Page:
Logan - #6; another old pattern.

Logan – #6; another old pattern.

Romeyn - #6. Illustrated in Marbury's book, and also included as a Lake Fly in the 1893 Orvis Display at the American Museum of Fly Fishing in Manchester, Vermont.

Romeyn – #6. Illustrated in Marbury’s book, and also included as a Lake Fly in the 1893 Orvis Display at the American Museum of Fly Fishing in Manchester, Vermont.

Victoria - #6; the green variation. There is also a Victoria with a dark blue body.

Victoria – #6; the green variation. There is also a Victoria with a dark blue body.

The wire I use to mount the flies...

The wire I use to mount the flies…

...and the view of a Red Hackle Peacock showing the wire mounted to the hook shank. The short 5/8" to 3/4" long section is bent 90 degrees and lashed - tightly - to the shank. It is inserted after the tag, ribbing and floss is attached, while winding forward to the head. It can be bent down to place wings and throats for inch wraps, then stood out to mount. A bobbin is used to make the hole in the mat, then the wire is inserted, the fly positioned just off the surface of the mat board, and then taped down in the back with acid-free archival cloth tape.

…and the view of a Red Hackle Peacock showing the wire mounted to the hook shank. The short 5/8″ to 3/4″ long section is bent 90 degrees and lashed – tightly – to the shank. It is inserted after the tag, ribbing and floss is attached, while winding forward to the head. It can be bent down to place wings and throats for inch wraps, then stood out to mount. A bobbin is used to make the hole in the mat, then the wire is inserted, the fly positioned just off the surface of the mat board, and then taped down in the back with acid-free archival cloth tape.

Mounting area of Plate No. 3 from Trout, 1938, by Ray Bergman.

Display area of frame; Plate No. 3, Wet Flies, from Trout, 1938, by Ray Bergman. This photo is from the third set of these flies that I completed. These are available for purchase on MyFlies.com, or by contacting me personally. Available as a complete set or as individual Color Plate reproductions, and also, custom selected patterns are available.

Here is the MyFlies.com link where images of all ten frames can be viewed.

http://www.myflies.com/Ray-Bergmans-emTroutem-Wet-Fly-Series–P592.aspx

Here is the link to Tower Oaks Lodge: http://www.clydes.com/tower

If you are ever in the metro Washington, DC, area or traveling in central Maryland, this place is worth a visit. The website presents information on the decor, which is exclusive. It is like a museum – the Adirondack Lodge area with the fishing displays,art, and artifacts; the Chesapeake Bay duck hunting section with antique decoys, boats, boats, and more boats, decoy baskets, full of original duck and goose decoys, and at least ten double-barrel shotguns; and the “Horses and Hounds” section, devoted to the racing and fox hunting traditions of estates in Hunt Valley Maryland. And the food, service, and ambiance is excellent. Five Stars!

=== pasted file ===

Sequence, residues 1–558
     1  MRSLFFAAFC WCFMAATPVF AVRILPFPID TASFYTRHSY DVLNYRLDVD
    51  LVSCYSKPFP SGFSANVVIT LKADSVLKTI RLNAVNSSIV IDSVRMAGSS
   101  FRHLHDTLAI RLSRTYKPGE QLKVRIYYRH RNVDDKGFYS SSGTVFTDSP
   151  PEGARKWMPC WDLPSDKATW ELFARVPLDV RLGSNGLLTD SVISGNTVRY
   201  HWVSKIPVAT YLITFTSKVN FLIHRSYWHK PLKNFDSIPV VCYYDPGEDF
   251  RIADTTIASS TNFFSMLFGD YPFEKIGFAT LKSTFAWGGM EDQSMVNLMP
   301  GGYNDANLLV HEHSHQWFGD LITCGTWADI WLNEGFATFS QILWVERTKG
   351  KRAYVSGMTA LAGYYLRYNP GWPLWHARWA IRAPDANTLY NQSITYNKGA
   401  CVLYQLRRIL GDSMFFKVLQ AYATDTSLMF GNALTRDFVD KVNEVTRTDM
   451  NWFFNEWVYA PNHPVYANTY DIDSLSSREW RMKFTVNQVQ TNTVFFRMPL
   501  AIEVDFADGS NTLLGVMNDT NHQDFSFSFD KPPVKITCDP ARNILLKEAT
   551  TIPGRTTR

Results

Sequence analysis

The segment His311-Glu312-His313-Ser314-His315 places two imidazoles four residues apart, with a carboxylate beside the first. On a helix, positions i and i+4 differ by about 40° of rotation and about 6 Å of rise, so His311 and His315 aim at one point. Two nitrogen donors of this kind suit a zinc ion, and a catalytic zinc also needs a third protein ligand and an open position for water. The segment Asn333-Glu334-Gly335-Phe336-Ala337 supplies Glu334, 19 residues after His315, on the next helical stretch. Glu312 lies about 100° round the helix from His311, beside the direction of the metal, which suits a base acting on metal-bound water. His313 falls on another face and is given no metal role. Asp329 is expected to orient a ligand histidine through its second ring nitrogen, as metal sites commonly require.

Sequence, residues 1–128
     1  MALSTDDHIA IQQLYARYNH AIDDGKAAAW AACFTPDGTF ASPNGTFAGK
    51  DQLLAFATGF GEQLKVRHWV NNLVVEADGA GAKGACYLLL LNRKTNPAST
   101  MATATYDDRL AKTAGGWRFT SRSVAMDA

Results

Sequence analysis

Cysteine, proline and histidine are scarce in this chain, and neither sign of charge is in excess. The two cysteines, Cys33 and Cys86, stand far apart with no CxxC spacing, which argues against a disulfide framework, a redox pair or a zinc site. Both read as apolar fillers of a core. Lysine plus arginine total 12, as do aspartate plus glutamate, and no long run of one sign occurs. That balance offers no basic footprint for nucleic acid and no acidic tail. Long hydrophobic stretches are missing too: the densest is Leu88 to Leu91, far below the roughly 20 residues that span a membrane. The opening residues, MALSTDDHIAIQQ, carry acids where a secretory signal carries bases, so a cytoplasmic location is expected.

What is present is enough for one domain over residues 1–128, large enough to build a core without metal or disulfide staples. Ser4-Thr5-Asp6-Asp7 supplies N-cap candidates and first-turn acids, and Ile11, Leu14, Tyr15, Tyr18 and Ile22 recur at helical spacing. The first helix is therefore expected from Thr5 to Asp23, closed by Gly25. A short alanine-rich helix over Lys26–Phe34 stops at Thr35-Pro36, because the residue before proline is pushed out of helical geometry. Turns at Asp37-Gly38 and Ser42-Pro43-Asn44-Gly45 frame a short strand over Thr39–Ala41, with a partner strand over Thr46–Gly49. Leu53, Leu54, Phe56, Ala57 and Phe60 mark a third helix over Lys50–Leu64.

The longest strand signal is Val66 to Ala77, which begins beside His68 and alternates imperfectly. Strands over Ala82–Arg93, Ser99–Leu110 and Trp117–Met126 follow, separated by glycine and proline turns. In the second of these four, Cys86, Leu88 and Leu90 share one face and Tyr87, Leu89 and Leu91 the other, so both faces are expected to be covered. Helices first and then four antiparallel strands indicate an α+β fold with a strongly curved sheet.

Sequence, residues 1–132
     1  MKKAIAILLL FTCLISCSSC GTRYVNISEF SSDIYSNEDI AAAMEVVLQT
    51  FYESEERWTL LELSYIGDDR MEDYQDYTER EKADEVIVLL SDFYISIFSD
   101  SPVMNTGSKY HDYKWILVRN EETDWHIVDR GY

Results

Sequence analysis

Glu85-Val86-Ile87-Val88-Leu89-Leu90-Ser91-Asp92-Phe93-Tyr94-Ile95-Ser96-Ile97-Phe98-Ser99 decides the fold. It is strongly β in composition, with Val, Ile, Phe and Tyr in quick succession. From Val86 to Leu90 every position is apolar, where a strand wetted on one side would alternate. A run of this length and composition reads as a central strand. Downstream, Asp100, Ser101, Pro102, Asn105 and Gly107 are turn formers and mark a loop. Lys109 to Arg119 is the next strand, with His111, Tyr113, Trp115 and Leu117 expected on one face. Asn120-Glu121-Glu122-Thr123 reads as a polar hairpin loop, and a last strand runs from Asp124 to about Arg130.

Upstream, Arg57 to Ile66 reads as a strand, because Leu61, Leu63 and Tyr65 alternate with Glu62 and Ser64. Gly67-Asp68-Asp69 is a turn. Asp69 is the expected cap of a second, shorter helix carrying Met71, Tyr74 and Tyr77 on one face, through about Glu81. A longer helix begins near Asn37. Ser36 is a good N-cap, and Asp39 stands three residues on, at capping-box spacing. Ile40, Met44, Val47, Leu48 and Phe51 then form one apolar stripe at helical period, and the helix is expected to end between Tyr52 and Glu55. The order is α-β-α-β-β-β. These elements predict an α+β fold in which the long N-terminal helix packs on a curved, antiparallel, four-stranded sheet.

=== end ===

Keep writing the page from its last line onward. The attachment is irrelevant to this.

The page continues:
Carrie Stevens and Rangeley Style Streamers

I have received several requests for information on the hackle / throat method on Carrie Stevens Rangeley Style streamer patterns that I have been using for over two years. While I have adapted my application of the throat fibers using a bobbin, compared to Mrs. Stevens tying “in-hand” this method and placement of the throat is basically the same method created by Carrie Stevens and gives the flies the style, appearance, and correct method of dressing her unique Rangeley Style streamers, if one desires to be historically correct in tying Carrie Stevens streamers with the accuracy of her original designs. Photographic instructions of this process are in the Carrie Stevens book by Graydon and Leslie Hilyard.

Don Bastian Wet Flies

Those of us who tie streamers, and that’s probably most fly tiers unless one is a dry fly purist – I know at least one of those, and he casts only to rising trout, have heard the phrase Rangeley Style streamers. Just what does that mean? I believe Carrie Stevens of Upper Dam, Maine, with her unique, self-taught method of tying streamers, is the originator of this style, and she alone is to be credited with creating the Rangeley style streamer. I have recently come under the conviction that to tie Rangeley style streamers means to tie streamers employing Carrie Stevens’s methods. I’m not referring to merely tying her patterns and cementing the wings, which I began doing a year-and-a-half ago. Learning more about her material placement this summer was for me, the last part of the journey toward my ultimate arrival at fully utilizing her methods of material placement…

View original post 2,123 more words